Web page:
IAS Fellow's Public Lecture - The Fading Evidence of Reality: Leonardo and the End
Leonardo da Vinci doesn’t like the “End”. As an artist, very few times he finishes his works, just because forced by his patrons, and mostly leaves them unaccomplished (the Adoration, the Sforza horse, the Battle of Anghiari). More than an incapability to finish, this aptitude reflects the very modern position of Leonardo (as a scientist and a philosopher) towards nature and reality, conceived as in movement, in continuous metamorphosis. We can trace it even in his writings, the most private and personal part of his laboratory. His textuality is a kind of ‘unended’ writing, without hierarchy, open to all research possibilities.
Leonardo doesn’t finish any treatise or any book (libro): he leaves ‘open’ thousands and thousands of texts. More, there is no ‘end’ (border) between text and image: one merges in the other, in a complementary connection. Leonardo’s unended writing and painting correspond to his idea of reality as an universal ‘continuous quantity’. Objects look to have borders, contours (in Italian, fini and termini), but in fact the limit of a body is just the beginning of another body, and it is impossible to understand exactly the precise moment when we pass from an entity to the other. So, the ‘end’, the ‘limit’, doesn’t exist: it is ‘nothing’, and ‘nothing’ are the point, the line and the surface, the principles of geometry and also of painting. Leonardo’s paradoxal conclusion is that painting (and reality, and our knowledge of reality, and its fading evidence) is simply based on ‘nothing’.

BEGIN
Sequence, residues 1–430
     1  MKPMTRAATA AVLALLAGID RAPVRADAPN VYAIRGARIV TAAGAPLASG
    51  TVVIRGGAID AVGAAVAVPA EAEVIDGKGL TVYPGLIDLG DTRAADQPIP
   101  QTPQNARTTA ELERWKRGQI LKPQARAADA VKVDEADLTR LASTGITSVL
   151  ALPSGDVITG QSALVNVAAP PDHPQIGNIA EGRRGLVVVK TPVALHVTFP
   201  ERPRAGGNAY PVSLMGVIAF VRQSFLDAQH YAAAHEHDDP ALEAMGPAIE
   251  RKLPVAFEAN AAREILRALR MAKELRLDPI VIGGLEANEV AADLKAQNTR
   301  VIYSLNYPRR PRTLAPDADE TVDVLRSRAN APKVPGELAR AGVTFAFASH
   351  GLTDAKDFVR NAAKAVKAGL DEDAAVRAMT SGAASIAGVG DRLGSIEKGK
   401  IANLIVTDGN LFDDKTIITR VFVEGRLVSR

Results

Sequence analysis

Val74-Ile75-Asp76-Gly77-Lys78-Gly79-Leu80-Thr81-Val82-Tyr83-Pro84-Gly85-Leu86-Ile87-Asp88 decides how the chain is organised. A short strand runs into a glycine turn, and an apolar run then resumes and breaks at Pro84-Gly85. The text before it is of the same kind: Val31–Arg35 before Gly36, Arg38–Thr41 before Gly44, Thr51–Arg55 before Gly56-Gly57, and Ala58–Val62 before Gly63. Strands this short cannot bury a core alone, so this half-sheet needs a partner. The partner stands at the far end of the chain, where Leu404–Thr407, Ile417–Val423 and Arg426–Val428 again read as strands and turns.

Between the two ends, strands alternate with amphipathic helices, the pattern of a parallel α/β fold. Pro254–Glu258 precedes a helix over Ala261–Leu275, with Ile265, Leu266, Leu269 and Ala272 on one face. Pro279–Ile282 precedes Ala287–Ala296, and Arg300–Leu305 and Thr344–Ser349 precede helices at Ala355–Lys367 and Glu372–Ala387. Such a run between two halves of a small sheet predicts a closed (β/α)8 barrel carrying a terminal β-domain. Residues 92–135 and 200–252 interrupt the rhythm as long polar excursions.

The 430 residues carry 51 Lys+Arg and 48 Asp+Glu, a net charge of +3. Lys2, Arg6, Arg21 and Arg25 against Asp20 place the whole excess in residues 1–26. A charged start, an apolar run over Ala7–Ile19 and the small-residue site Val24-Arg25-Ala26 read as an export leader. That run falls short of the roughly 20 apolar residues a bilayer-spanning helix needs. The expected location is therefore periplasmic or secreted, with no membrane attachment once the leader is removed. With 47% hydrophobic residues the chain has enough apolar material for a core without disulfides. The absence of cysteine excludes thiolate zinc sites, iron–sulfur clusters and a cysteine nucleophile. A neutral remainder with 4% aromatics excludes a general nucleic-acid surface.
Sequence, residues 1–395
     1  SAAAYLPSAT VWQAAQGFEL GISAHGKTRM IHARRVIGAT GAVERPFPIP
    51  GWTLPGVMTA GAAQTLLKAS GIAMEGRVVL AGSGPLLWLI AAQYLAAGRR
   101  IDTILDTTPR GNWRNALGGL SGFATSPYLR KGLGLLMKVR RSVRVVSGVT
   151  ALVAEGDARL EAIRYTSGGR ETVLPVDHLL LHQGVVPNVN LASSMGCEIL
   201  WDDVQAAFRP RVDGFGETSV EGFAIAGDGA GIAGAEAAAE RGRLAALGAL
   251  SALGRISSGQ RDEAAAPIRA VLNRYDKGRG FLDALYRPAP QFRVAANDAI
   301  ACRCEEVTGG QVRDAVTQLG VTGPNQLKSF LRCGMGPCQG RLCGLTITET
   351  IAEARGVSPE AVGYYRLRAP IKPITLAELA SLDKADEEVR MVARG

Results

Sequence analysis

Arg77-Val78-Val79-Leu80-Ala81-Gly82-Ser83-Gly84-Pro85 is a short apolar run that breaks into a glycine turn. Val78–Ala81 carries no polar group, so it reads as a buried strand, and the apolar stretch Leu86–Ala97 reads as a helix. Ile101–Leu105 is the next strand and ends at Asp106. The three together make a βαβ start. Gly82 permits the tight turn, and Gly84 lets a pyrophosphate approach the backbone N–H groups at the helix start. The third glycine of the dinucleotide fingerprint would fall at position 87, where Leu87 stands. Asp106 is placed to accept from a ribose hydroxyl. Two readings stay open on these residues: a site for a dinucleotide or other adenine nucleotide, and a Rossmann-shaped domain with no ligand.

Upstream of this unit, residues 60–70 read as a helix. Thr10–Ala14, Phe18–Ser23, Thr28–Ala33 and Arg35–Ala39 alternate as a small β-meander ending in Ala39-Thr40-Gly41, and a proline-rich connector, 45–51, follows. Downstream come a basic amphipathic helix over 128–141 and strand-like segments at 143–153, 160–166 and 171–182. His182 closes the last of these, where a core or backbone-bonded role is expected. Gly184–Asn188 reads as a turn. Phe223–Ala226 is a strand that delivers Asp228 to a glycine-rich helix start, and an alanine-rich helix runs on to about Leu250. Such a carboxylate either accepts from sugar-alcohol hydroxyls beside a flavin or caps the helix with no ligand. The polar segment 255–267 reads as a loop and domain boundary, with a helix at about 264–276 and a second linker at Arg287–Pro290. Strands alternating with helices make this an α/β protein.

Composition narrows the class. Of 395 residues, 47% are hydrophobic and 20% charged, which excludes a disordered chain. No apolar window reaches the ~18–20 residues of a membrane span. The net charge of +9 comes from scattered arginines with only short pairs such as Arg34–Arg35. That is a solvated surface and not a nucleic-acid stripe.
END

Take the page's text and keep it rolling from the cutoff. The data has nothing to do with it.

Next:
This lecture is free and open to all.
Details about Professor Carlo Vecce
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